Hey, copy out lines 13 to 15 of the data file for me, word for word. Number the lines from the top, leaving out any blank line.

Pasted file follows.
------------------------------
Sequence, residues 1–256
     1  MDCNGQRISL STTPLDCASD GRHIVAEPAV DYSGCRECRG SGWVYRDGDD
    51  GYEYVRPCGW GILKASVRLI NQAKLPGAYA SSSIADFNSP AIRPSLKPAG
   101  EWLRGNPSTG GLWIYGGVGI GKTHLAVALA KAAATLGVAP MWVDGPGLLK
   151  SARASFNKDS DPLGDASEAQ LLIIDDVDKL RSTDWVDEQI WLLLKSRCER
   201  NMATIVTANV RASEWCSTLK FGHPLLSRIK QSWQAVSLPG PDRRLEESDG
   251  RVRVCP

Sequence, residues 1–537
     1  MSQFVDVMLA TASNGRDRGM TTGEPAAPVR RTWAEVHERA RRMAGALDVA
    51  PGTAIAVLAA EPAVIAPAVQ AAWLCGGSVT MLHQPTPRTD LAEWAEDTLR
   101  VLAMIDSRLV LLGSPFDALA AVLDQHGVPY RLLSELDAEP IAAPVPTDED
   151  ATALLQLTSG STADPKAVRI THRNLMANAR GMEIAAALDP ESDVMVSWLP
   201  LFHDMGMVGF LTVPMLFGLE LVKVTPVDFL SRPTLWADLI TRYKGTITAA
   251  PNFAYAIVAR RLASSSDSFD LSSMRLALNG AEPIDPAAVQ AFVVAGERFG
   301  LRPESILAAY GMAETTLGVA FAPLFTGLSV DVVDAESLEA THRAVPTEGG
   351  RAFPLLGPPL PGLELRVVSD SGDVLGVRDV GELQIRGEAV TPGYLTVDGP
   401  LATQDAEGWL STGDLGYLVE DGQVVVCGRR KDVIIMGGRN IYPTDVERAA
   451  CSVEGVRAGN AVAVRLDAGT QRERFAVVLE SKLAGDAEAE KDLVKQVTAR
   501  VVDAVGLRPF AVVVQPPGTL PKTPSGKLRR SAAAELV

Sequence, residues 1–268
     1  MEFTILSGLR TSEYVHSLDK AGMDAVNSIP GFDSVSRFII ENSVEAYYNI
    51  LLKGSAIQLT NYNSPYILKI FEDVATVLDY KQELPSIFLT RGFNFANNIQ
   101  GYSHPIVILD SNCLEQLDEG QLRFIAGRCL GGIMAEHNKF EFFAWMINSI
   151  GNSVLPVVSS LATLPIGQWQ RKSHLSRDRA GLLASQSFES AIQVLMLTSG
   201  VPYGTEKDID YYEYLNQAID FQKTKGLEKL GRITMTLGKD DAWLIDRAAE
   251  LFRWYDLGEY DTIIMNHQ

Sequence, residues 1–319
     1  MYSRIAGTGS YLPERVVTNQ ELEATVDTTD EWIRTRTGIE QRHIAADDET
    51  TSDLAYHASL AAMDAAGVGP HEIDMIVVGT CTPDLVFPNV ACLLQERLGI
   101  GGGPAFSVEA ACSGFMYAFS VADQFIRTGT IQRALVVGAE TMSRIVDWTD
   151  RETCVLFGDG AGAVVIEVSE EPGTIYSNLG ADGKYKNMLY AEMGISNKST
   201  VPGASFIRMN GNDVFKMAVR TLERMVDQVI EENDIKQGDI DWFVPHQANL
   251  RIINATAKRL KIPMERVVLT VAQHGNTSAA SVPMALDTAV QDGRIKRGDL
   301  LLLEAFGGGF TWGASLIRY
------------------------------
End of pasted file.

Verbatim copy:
   201  LFHDMGMVGF LTVPMLFGLE LVKVTPVDFL SRPTLWADLI TRYKGTITAA
   251  PNFAYAIVAR RLASSSDSFD LSSMRLALNG AEPIDPAAVQ AFVVAGERFG
   301  LRPESILAAY GMAETTLGVA FAPLFTGLSV DVVDAESLEA THRAVPTEGG